Using Additives in Melt & Pour Soap

Melt & Pour Soaps are fun and easy to make, especially when you stick to the basic elements, such as Scents, Colors, and Soap Base.  In our Holiday Projects Series we covered how to create basic Melt & Pour Soaps using those three main elements.  We often get questions regarding how to use Additives, such as Milk Powders, Herbs, or Exfoliants in Melt & Pour Soap.  Here is a little insight into including these specialty ingredients in your Melt & Pour creations.

Many Herbs have the potential to change dramatically when added to Melt & Pour Soap.  Often, these changes are not apparent immediately, but appear within days or weeks after pouring the soap.  The most infamous for this behavior is Lavender Buds.  Lavender Buds look and smell great fresh out of the package, and can even be pretty when you first add them to your soap.  However, after a week or so they take on a brownish yellow tinge, and can bleed that color into the entire bar of soap.   Rose Buds and Petals also have a hard time retaining their beauty when fully immersed into Melt & Pour Soap.  When you are dealing with these tricky Herbs, try using them as toppings instead of embedding them completely inside your soap bars.  For example, Rose Buds look very cute peeking out of the top of soap.

Other Herbs, such as Parsley Powder, or Calendula Petals retain their color beautifully when added to Melt & Pour Soap.  These Herbs can be added at a rate of 1 teaspoon to 2 tablespoons per pound of soap, depending on the appearance desired.  Experiment with small batches to get comfortable with how individual Herbs behave.  Natural ingredients, such as Herbs, often have unique quirks.

Some Herbs that work well in Melt & Pour Soap are: Alkanet Root Powder, Anatto Seeds, Beet Root Powder, Calendula Petals, Carrot Root Powder, Oat Straw Powder, Sandalwood Powder, Sea Vegetables.

Clay can lend extra cleansing ability, exfoliation, and color to your Melt & Pour Soaps.  Make sure to choose your Clay carefully, taking into consideration each Clay's strength.  Kaolin and Rose Clay are the gentlest Clays, while Illite Clay or Bentonite can be too harsh for sensitive skin.  Clay can be added to Melt & Pour Soap at a rate of 1 – 2 tablespoons per pound.  The easiest way to add Clay to your Soap is to wet it with a small amount of Distilled Water prior to adding it to your Soap Base.  Creating a smooth paste with the Clay and Water will help keep the Clay from clumping when you add it to the Soap.  While Clays can help lend color to Soap, keep in mind that the resulting colors will be slighlty different than they dry Clay.  Expect earthy, dusky tones from added Clay.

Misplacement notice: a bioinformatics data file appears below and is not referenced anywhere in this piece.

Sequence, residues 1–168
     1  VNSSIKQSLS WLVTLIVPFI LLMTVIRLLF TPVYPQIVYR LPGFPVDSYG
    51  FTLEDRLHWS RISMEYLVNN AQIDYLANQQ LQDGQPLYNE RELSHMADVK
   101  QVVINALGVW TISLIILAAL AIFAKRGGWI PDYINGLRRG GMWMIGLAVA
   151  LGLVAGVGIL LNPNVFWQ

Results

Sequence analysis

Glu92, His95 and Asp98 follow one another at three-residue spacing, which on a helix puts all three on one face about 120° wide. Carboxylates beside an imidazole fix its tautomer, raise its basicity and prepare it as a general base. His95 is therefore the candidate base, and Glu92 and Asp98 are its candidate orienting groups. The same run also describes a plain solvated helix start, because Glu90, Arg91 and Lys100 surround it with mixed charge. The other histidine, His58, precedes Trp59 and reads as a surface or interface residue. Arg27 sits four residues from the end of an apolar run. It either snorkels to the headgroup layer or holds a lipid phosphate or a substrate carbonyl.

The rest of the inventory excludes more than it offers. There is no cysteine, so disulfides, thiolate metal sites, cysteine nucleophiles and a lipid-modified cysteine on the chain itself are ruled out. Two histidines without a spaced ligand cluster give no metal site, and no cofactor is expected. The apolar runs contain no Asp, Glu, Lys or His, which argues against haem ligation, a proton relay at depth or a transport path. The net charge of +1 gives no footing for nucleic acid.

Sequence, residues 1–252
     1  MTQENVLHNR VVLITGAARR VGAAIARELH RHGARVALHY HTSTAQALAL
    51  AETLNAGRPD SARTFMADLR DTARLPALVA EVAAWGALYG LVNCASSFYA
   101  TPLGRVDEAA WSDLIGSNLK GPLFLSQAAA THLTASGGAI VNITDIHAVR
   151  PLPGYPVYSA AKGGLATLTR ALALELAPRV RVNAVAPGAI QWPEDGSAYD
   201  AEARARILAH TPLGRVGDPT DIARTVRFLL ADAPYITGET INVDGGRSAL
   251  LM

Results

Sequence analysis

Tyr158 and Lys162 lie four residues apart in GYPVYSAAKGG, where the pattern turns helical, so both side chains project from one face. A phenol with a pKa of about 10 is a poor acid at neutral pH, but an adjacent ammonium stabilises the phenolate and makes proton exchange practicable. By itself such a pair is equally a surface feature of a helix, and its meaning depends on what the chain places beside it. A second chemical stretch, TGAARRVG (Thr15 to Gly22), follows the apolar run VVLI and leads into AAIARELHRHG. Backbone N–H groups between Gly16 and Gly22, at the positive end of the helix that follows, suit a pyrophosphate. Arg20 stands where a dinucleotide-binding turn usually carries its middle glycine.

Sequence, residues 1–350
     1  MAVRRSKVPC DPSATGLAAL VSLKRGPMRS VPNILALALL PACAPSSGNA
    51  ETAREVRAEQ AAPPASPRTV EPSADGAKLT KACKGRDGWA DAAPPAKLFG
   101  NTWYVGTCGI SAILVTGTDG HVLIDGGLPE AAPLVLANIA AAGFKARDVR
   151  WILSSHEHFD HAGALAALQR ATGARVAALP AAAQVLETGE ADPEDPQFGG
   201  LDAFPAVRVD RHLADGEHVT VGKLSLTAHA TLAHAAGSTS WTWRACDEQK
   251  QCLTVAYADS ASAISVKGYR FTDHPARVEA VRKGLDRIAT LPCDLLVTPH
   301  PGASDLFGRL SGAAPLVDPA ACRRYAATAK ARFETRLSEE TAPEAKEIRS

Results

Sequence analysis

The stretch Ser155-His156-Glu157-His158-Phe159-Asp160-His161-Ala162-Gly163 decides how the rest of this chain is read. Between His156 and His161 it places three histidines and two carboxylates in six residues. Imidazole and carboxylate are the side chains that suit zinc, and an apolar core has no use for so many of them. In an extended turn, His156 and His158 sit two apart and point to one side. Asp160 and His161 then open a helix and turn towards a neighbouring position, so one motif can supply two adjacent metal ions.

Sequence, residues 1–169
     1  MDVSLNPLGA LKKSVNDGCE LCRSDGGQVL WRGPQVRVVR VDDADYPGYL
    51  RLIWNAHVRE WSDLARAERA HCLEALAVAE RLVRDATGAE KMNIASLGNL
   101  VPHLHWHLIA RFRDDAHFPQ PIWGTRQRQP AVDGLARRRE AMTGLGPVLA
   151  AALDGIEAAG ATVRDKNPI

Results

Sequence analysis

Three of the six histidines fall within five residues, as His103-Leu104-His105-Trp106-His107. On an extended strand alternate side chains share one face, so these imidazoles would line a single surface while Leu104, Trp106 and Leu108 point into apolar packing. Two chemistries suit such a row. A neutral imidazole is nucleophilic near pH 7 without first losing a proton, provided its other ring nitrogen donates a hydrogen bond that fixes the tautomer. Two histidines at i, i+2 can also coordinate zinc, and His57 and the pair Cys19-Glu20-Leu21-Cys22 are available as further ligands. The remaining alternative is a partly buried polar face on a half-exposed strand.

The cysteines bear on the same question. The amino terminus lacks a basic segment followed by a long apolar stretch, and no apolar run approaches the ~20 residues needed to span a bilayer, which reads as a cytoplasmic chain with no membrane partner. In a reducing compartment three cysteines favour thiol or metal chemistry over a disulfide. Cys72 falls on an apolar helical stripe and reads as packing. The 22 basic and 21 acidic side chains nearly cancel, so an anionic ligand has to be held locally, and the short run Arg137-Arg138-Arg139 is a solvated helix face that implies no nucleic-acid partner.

Milk Powders
Milk and Honey Powders can be added to Melt & Pour Soaps for their skin conditioning properties.  Keep in mind that the addition of these ingredients may shorten the shelf life of your Soaps.  Like most Additives, Milk Powders can be added to Melt & Pour Soap Base at a rate of 1 – 2 tablespoons per pound of soap.  To add the Milk Powder, mix it with a small amount of warm water to form a slurry or paste.  Add the paste to your Melt & Pour Base and stir well to make sure it is fully dispersed.

There are many different types of Exfoliants that can be added to Melt & Pour Soap.  To choose the right one, consider the texture and behavior of each Exfoliant.  The biggest challenge you are likely to encounter when working with these Exfoliants is their habit of either floating or sinking in soaps.  Using Suspension Melt & Pour Soap Base can sometimes help alleviate this issue.  Exfoliants are generally added at around 1 – 2 tablespoons per pound of soap, but you may want to add more or less to achieve the texture you are looking for.

Fruit Seeds and Fibers provide gentle exfoliation, but can alter the appearance of your soap.  Fruit Fibers will lend subtle color to Melt & Pour Soaps, but not always the color that you expect.  For example, Blueberry Fruit Fiber tends to make Opaque Soap Base slighlty gray, while Cranberry Fruit Fiber adds a gentle, pink tinge.  Fruit Seeds can look adroable in Melt & Pour Soaps, but they are particularly prone to floating or sinking when added to Melt & Pour Soap Base.

Jojoba Wax Beads come in a wide range of bright, beautiful colors, and provide gentle exfoliation.  They are very tempting to use in Melt & Pour Soap, but they can also be very tricky to work with.  If Jojoba Wax Beads are added directly to hot Soap Base they are likely to melt, changing the color of the soap, as well as making it much harder, with less lather.  In order to add Jojoba Wax Beads to Melt & Pour Soap they must either be added at a very low temperature, which can be quite challenging, or they must be used as a topping on soap bars and logs.

Grain Powders, such as Oat Flour, Oatmeal, Rice Bran Powder, or Adzuki Bean Powder provide a range of gentle exfoliation.  It may be helpful to mix the very fine powders, such as Oat Flour or Adzuki Bean Powder with a small amount of water before adding them to the Base, as they can have a hard time dispersing when added directly.

Seed Powders and Nut Meals are generally the harshest Exfoliants.  These more instense Exfoliants are great for Gardener's Soaps, Mechanic's Soaps, and Pedicure Soaps. Use these Exfoliants with care.  Too much Exfoliant can cause the soap to be hard to use, while too little Exfoliant can cause them to feel harsh and scratchy.

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